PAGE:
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Discussion Starter · #1 ·
My 4hp yamaha f4a outboard will fire up with the choke out fine, once it is running it is not very responsive with the throttle and will rev up uncontrollably and then when the choke is pushed in it will rev up uncontrollably even more so and then stall.

Does anyone know the potential problems? It has not been properly run for many years (only me messing around with it) it has had fresh fuel. Is a dirty carburettor the only potential problem?

Any help would be very very much appreciated.
 

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Not familiar with that specific motor, but many small OBs have a roller/cam linkgage to the actual carb throttle arm. This roller rides on a cam which advances with the magneto. In other words, when you manually increase throttle, it's advancing the mag pickup in relationship to the flywheel, and the cam is pushing the carb throttle to match. It could be a simple case of gummy linkage, so when it gets pushed open it tends to stick. Find the cam/roller and try pushing it to open, then let your finger slip off of it, and it should snap right back up against the cam on the magneto.I would start by looking at the throttle linkage and carb throat. Disconnect the fuel, and if it has a kill switch leave it in the no-run position. Use spray carburetor cleaner throttle lever where it attaces to the , while you're operating the throttle lever directly with your finger (usually just takes a downward push). Clean things up and check it out.
 

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Discussion Starter · #3 ·
Thanks for your reply, however, I'm unfamiliar with some of the terminology that you have used (apologies).

I can see two things that can alter the carburettor. The throttle cable and the choke arm. Are you saying to just check whether these are both springing back as they should and that they are not gummed up?
 

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Discussion Starter · #5 ·
Thanks Paul, it seems like mine has a different problem than the 2 stroke. I don't know if I forgot to mention that Mine is a 4-stroke also mine will not ever run smoothly and will rev-up and stall when the choke is pushed in/ rev up un controllably when the choke is out.

Seems like fully cleaning the carb is the best option, any other ideas of what it might be?

Thanks,
James
 

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Thanks Paul, it seems like mine has a different problem than the 2 stroke. I don't know if I forgot to mention that Mine is a 4-stroke also mine will not ever run smoothly and will rev-up and stall when the choke is pushed in/ rev up un controllably when the choke is out.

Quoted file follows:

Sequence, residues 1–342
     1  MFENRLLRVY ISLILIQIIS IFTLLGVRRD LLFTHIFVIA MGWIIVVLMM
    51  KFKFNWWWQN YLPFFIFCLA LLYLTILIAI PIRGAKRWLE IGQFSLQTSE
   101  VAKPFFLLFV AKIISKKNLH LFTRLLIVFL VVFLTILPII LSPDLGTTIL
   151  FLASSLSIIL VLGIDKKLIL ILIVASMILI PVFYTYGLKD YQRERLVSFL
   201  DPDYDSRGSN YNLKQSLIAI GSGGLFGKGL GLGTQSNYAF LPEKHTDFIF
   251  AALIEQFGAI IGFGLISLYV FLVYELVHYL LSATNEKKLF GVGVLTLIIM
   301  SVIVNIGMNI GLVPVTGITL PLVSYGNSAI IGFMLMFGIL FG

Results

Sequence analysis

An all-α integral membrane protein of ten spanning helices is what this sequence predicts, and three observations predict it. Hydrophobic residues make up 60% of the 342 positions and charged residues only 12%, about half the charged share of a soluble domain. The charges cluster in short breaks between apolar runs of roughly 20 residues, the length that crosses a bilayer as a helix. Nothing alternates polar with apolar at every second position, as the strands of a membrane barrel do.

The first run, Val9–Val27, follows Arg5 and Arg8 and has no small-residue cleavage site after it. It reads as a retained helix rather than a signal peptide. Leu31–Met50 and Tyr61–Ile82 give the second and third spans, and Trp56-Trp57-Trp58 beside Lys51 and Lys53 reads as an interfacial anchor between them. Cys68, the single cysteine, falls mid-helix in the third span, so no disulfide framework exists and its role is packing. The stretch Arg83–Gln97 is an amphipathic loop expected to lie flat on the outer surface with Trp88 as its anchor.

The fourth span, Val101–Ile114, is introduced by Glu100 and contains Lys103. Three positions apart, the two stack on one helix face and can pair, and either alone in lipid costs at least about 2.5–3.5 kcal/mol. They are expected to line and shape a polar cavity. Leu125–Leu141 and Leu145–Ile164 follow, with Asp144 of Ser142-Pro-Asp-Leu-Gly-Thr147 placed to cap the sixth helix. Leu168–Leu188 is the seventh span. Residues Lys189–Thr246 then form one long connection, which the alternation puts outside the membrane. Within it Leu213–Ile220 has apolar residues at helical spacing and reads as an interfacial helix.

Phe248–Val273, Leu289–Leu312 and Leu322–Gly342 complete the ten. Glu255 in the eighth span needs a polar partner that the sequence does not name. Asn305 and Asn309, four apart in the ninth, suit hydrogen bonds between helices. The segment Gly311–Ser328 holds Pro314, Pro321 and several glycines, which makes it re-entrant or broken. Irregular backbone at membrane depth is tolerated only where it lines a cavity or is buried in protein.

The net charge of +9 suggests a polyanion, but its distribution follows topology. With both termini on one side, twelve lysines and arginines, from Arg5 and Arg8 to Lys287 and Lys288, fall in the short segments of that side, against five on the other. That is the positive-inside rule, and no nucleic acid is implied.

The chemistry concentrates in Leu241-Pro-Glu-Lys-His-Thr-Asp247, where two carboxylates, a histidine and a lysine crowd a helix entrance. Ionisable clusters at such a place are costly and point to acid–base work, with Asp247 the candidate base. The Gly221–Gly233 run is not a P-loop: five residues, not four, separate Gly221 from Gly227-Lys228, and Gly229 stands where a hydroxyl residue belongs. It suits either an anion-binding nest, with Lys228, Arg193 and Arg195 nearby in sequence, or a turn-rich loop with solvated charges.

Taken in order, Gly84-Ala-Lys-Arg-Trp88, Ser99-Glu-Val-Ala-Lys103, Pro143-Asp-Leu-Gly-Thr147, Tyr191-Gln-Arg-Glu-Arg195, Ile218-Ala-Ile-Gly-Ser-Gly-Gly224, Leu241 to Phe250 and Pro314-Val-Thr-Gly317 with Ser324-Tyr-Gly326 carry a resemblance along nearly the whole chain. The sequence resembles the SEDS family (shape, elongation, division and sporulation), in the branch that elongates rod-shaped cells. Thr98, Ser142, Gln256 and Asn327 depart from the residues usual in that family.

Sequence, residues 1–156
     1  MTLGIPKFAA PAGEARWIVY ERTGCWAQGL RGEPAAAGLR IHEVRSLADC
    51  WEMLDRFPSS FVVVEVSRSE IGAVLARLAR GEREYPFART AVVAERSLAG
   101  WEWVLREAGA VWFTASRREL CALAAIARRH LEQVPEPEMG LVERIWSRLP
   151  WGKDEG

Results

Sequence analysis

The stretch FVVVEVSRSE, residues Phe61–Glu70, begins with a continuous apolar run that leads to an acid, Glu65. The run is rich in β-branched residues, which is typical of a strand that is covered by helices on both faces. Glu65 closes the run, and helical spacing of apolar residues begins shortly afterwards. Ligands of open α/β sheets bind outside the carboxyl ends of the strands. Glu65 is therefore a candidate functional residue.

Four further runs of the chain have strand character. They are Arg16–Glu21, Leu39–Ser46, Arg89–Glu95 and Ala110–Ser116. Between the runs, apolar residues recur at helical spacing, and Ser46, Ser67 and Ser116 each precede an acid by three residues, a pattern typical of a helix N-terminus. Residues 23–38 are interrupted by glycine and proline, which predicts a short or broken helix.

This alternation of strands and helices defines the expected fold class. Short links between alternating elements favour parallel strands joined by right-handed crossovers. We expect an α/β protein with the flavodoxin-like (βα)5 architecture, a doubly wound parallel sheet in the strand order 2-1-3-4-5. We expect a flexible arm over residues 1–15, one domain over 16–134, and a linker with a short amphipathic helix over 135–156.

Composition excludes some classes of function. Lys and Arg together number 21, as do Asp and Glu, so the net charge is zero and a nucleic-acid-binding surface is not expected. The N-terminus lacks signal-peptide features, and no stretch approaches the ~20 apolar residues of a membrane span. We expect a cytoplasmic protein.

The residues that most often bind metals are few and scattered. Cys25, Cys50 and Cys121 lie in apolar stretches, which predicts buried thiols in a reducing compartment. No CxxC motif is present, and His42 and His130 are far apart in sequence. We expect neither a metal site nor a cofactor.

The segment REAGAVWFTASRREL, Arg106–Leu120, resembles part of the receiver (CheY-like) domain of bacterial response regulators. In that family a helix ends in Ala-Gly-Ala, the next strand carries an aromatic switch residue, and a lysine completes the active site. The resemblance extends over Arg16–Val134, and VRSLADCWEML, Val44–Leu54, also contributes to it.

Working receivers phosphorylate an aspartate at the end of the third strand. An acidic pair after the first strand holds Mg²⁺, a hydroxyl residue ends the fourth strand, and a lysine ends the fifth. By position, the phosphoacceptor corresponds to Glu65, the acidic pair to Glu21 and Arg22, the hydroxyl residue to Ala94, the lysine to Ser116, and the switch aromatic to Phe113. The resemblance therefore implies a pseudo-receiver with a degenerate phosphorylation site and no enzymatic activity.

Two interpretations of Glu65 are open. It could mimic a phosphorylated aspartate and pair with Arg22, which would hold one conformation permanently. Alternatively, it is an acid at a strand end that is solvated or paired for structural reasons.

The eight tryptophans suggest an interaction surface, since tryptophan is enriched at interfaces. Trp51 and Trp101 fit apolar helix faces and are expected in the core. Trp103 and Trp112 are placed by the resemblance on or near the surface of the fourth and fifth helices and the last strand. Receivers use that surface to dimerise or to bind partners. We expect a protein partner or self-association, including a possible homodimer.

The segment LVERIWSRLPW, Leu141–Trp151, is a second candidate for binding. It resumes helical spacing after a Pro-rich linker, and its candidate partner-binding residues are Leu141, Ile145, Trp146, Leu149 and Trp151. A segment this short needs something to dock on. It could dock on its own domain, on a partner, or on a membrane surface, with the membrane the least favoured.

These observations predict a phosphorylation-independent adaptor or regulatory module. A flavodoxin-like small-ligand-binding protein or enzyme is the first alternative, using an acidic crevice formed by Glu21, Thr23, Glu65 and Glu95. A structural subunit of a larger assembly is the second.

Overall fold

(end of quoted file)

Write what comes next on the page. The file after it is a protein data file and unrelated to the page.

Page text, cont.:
Seems like fully cleaning the carb is the best option, any other ideas of what it might be?

Thanks,
James
Both2 & 4 strokes can suffer from fuel starvation problems in similar manners.
Assuming your ignition system is sound, it sounds like you may have a severe air leak, possibly along with fuel, restriction problems. Suggest you check/tighten the carb mounting bolts, not too tight, check all hose clamps & fittings & make sure the tank is venting properly. Try running it with the fill cap loosened or off. And all the other stuff mentioned in the other post. The linkage thing is also a possibility, but unless damaged by impact or over stressed, or loose connectors, not much has ever happened to me with the 10
outboards I have owned.

Paul T

My guess is that that there is debris in some/all parts of the carb
 

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Thanks for your reply, however, I'm unfamiliar with some of the terminology that you have used (apologies).

I can see two things that can alter the carburettor. The throttle cable and the choke arm. Are you saying to just check whether these are both springing back as they should and that they are not gummed up?
I'm having trouble finding a good diagram or picture of your model, to show you what I'm talking about. Could you remove the cover, take a picture and post it?
 

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Paul, I have checked all the carburettor/hoses and they all seem good, can the symptoms I have described not be explained by a dirty carburettor alone?
Could be, although the surging thing has me puzzled. Could be debris floating around, then being sucked up into a jet or passageway, & then being released again? Before taking the carb off, try dropping the float bowl, turn the gas on, & work the float up & down to flow fuel through the float valve. If there is any debris in the bowl, I would suggest cleaning the carb.

I have no experience with your particular engine/carb but suggest you bring the carb home, spread out a large towel, take it apart in sequence, from left to right & re-assemble in reverse order. Be careful of possible check valves, balls with springs behind them, or other loose parts when blowing things out with compressed air. Taking pictures while dis-assembling may help later.

Go slow, take your time, & tread lightly. If you tear a gasket or it looks bad, Yamaha no doubt sells a re-build kit, with new gaskets & o rings, probably a good thing to have before starting.

Or, just take the carb to a shop. :D

Paul T
 
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